inr-bank-notes - INR

GBP/INR is declining for the third session in a row, as the pair is retreating from the highest level in five years hit on Monday. At the time of writing, the British pound buys 99.198 Indian rupees, down 0.15% as of 6:40 AM UTC. The price is still maintaining inside the horizontal channel that formed in mid-December. It is getting closer to the channel’s support, currently trading at the lowest since mid-January. The pair will likely become more volatile later today, as the Bank of England (BoE) is scheduled to report on its monetary policy update.

The central bank is expected to focus on the economic recovery in 2021, and will likely be cautious about referring to negative interest rates as a potential stimulus tool. Most economists anticipate the BoE to keep the rate unchanged at 0.1% and maintain the bond-buying programme at previous levels.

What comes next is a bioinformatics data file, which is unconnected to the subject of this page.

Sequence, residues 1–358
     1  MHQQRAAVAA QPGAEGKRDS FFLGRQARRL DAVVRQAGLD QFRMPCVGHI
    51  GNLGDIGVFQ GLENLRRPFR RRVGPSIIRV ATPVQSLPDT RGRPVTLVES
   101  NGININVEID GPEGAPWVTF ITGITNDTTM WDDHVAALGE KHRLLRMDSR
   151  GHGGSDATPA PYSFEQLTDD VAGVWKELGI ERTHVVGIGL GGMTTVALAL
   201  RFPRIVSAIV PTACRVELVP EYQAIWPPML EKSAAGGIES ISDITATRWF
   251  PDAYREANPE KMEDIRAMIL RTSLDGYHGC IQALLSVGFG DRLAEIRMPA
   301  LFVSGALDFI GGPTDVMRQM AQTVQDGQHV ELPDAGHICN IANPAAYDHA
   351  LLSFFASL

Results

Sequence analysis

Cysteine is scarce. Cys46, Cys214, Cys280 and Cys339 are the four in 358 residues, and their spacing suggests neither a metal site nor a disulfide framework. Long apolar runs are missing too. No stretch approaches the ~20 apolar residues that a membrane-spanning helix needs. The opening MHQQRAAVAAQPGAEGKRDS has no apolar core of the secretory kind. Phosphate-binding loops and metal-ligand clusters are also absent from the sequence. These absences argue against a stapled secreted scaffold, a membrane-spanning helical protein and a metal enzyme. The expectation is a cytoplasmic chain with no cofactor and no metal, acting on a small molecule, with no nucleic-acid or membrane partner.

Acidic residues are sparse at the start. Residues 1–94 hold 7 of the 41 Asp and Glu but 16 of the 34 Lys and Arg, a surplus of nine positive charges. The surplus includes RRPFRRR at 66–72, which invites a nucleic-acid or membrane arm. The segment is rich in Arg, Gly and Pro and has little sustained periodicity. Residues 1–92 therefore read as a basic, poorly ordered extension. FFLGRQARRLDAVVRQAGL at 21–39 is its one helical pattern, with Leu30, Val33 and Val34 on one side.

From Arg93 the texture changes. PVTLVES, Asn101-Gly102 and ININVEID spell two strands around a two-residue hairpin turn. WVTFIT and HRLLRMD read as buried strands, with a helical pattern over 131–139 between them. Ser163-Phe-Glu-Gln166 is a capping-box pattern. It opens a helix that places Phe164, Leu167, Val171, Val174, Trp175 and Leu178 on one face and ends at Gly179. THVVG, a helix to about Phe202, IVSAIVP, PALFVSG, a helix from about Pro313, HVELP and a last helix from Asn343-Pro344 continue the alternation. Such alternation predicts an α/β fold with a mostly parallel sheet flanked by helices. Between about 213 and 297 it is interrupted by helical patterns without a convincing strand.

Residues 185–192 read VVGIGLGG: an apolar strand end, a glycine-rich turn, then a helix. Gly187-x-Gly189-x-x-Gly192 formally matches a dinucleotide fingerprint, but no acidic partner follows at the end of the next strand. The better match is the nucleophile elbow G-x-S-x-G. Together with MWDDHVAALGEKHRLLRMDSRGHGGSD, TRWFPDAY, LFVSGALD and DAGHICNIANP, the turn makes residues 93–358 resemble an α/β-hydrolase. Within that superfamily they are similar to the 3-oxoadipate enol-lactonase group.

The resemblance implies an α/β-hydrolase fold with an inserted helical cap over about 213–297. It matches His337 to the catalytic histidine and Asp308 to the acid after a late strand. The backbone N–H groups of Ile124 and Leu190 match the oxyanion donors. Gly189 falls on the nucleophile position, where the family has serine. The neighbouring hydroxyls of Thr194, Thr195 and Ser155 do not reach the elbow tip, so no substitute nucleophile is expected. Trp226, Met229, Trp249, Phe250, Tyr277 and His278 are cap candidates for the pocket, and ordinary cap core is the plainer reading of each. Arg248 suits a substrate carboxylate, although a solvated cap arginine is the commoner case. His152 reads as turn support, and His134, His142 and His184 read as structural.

The sterling might be under pressure on the back of fresh post-Brexit tensions between Britain and the European Union. Yesterday, the EU rejected the UK’s request to extend a grace period for border checks on goods moving from Britain to Northern Ireland, arguing that the transition period was enough to solve the problems. Nevertheless, it agreed to collaborate with London to address difficulties that are hindering the delivery of food and other goods from other parts of the UK.

Schools Might Open on March 8, Johnson Says

Meanwhile, the national lockdown in Britain continues. UK Prime Minister Boris Johnson said that he would provide more details about next steps on February 22. He stated that schools might reopen on March 8, stressing that the number of infections was still high:

“[Even though] there are some signs of hope, the numbers of COVID patients in hospital are beginning to fall for the first time since the onset of this new wave, the level of infection is still alarmingly high.”

So far, the UK has vaccinated about 10 million people, demonstrating the highest pace only after Israel and the United Arab Emirates.

As for the rupee, it has strengthened after India reported that its services sector activity had expanded in January. Meanwhile, Moody’s upgraded India’s projection of GDP nominal growth at 17% for the coming fiscal year, up from 14.3% in a previous forecast. The ratings agency cites the pro-growth budget unveiled recently, but stressed the weak prospects of fiscal consolidation.